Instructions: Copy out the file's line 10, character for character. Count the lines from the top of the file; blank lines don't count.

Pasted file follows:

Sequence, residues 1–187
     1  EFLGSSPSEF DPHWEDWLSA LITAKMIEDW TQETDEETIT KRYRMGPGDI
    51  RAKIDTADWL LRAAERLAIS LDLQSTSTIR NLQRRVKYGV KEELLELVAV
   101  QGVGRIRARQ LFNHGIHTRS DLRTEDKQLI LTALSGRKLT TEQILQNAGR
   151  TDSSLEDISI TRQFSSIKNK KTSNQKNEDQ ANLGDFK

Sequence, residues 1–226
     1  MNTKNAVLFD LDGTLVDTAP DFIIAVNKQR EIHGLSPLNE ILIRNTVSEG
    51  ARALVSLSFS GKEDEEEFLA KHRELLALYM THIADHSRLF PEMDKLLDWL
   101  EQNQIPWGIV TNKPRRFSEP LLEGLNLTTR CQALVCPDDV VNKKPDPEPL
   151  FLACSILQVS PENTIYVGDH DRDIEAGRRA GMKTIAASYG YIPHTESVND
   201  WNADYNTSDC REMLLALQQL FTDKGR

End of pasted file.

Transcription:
   151  FLACSILQVS PENTIYVGDH DRDIEAGRRA GMKTIAASYG YIPHTESVND